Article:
October 4, 2016globest.com
Providers Demand Accessible and Visible Locations
SAN RAMON, CA-The healthcare customer today demands more convenient locations that are adjacent to familiar retail or within normally traveled patterns. This is in contrast to the healthcare sites of old, located in isolated business parks or in standalone buildings that are not in prime, visible locations. As a response, providers continue to demand more accessible and visible healthcare locations, which has increased the difficulty of delivering the right site for clients.
“Much like retailers, the providers run the gamut when it comes to locations; there are those that want expensive corner locations, similar to quick-serve retailers and others that are more cost conscious that want the visibility and accessibility but are comfortable being mid-block,” John Pollock, chief operating officer for Meridian, a developer specializing in acquiring and developing healthcare facilties, tells GlobeSt.com. “It comes down to the services and patients. The providers targeting private payers where volume is dependent on convenience can afford the more expensive locations.”
Meridian recently listed for sale two DaVita locations in Mountain View and Palmdale, CA. Both have received significant interest from buyers involved in 1031 exchanges. The Mountain View location is an example of the convergence of retail and medical. It is located on El Camino Real, which is a major arterial running through the heart of the Silicon Valley and the building could easily be converted to a retail use in the future.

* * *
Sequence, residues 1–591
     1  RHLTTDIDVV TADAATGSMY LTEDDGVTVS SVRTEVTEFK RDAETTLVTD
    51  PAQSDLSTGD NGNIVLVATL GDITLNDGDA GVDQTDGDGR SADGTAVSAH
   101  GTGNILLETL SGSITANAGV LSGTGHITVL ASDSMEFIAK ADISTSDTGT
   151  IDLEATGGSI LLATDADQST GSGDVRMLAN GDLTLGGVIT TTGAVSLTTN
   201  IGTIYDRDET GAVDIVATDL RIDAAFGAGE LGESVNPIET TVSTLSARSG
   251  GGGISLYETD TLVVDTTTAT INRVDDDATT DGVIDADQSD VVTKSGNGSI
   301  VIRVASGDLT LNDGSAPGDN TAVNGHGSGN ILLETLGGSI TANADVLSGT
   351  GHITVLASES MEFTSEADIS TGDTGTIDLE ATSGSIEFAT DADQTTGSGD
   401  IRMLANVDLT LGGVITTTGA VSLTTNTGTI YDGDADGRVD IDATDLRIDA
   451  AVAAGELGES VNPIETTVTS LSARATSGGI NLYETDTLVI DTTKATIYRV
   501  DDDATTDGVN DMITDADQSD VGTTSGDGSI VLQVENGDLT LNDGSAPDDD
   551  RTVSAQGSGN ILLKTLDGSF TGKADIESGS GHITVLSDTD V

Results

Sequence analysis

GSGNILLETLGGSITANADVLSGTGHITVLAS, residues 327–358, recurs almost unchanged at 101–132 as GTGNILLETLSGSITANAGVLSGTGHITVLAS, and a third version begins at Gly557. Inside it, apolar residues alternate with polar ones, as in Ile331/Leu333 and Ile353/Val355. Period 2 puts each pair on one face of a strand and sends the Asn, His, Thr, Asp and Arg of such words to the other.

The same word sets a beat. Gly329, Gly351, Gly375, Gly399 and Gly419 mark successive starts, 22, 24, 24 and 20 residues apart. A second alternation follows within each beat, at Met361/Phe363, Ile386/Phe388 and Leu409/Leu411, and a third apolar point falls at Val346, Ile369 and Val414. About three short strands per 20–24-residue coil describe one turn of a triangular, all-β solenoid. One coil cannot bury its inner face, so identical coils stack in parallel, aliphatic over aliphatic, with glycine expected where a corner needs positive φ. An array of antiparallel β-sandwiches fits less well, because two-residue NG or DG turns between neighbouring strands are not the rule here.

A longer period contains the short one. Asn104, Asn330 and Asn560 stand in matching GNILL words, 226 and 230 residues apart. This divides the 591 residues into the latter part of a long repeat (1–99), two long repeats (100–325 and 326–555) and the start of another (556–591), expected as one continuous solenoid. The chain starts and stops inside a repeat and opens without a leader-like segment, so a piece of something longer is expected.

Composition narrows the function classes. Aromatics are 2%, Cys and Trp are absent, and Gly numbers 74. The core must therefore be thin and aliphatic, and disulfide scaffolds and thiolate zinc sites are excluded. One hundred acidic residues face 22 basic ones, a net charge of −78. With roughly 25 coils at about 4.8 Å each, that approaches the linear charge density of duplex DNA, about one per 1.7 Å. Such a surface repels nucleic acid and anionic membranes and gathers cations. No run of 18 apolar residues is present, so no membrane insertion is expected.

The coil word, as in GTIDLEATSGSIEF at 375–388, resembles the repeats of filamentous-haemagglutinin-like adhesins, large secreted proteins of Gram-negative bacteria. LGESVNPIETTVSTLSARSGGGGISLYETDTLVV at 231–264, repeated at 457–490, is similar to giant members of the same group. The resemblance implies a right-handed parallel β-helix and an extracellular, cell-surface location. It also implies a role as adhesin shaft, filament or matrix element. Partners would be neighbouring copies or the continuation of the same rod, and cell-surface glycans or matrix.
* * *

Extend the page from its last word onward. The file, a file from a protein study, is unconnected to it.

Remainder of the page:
In order to tackle some of the demands in sourcing these retail-like locations, Meridian hired senior healthcare executive Indrajit Obeysekere as vice president of client services. Obeysekere will play a leadership role in business development and facility acquisition for Meridian’s group of medical industry clients.
“Indrajit’s experience with entitlements and working with stakeholders will help us meet those demands. It’s not often that we have an opportunity to bring someone in who understands the unique challenges the healthcare sector faces in acquiring and developing facilities in a competitive real estate market,” said Pollock. “Indrajit’s insider experience from more than 25 years at Kaiser Permanente where he held leadership roles in real estate, land use and legal brings a varied healthcare skillset to our organization that further differentiates Meridian from others in our business. He brings a national reputation in complex acquisitions, and hospital and medical office land use work, having led the permitting and environmental clearance processes for most of Kaiser Permanente’s major facilities over the past two decades.”
In his new position, Obeysekere will be assisting Meridian’s healthcare group in business development, using his experience in healthcare expansion, land use and real estate to elevate the client services function at Meridian.
“Today’s healthcare executives have a gauntlet of stakeholders, both internal and external, that they have to manage when they make real estate decisions. Unfortunately, the needs of the medical economy and the realities of the real estate economy do not always match up. We needed someone senior in-house who could carry on that critical two-way dialogue between us and our clients,” Pollock added.